FEEL­ING, HEAL­ING, PLAY­ING

When his son trag­i­cally died, Nick Cave turned to film as a means of ex­pres­sion. The re­sult, show­ing for one night only, will give you chills

The Gold Coast Bulletin - Play Magazine - - MOVIES -

Nick Cave turned to film and mu­sic to ex­press how he felt fol­low­ing his son’s death, says the di­rec­tor of One More Time With Feel­ing, An­drew Do­minik.

He says Cave in­sti­gated the cre­ation of the 3D black-and­white fea­ture film, which has a fo­cus on mu­sic from a new Nick Cave & The Bad Seeds al­bum, Skele­ton Tree.

Cave’s 15-year-old son Arthur died last July after fall­ing from a cliff in Eng­land, where the fam­ily lives.

“When Nick ap­proached me about mak­ing a film around the record­ing and per­form­ing of the new Bad Seeds al­bum, I’d been see­ing quite a lot of him as we ral­lied around him and his fam­ily at the time of his son’s death,” Do­minik says.

“My im­me­di­ate re­sponse was: `Why do you want to do this?’ Nick told me that he had some things he needed to say, but he didn’t know who to say them to.

“The idea of a tra­di­tional in­ter­view, he said, was sim­ply un­fea­si­ble but that he felt a need to let the peo­ple who cared about his mu­sic un­der­stand the ba­sic state of things. It seemed to me that he was trapped some­where and just needed to do some­thing ... any­thing – to at least give the im­pres­sion of for­ward move­ment.”

The di­rec­tor had an am­bi­tious plan to make the black-and-white film 3D, but the mu­si­cian wasn’t on board with that idea at first.

“I took the record away and lis­tened to it try­ing to work out a way into the whole thing. In the end I agreed to do it if I could shoot it in black and white and 3D. Nick’s re­sponse was: `I f***ing hate 3D’ or some­thing like that,” he says.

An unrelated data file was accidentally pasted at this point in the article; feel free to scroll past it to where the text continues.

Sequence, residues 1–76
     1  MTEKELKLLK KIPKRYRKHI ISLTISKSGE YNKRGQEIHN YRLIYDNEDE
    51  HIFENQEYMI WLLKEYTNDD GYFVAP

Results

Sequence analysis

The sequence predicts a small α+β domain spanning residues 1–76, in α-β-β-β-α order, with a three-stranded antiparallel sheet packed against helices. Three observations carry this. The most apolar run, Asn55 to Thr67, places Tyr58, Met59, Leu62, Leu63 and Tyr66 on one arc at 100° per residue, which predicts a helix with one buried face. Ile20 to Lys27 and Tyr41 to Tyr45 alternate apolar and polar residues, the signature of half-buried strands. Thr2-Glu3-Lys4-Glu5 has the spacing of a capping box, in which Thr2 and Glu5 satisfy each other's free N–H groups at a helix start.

Cave had taken some con­vinc­ing to un­der­stand Do­minik’s vi­sion for the spe­cial project.

“I showed him old blackand-white pho­tos viewed through a stere­op­ti­con from the 50s. I told him I wanted to make a film where these sorts of pho­tos came slowly to life.

“I felt that the stark black and white and the haunted drama of these 3D im­ages per­fectly ad­dressed the dis­em­bod­ied sound of the record and the weird sense of paral­y­sis that Nick seemed to ex­ist in at the time,” he said.

Do­minik built a spe­cial, large and un­wieldy cam­era to achieve the eerie ef­fect he was ul­ti­mately after.

“No one has ever seen a 3D black-and-white non-an­i­mated fea­ture film in mod­ern times – for as far as I know, no such thing ex­ists. It is both mod­ern and from a dis­tant age – much like the Nick Cave & the Bad Seeds new record, Skele­ton Tree, ac­tu­ally,” he says.

It seems the fin­ished prod­uct proved a bit dif­fi­cult for Cave to watch.

“Nick came to Los An­ge­les and watched the film. His re­sponse was ob­vi­ously con­flicted. How could it not be? In the end he said: `Leave it as it is’– which we did. He said that it was ob­vi­ously `made with love’ – which it was – and fi­nally, `to make sure they see it in 3D’.” One More Time With Feel­ing screens glob­ally to­day and Skele­ton Tree will be re­leased to­mor­row

Pic­ture: Nick Cave & The Bad Seeds/Face­book

A scene from One More Time With Feel­ing.

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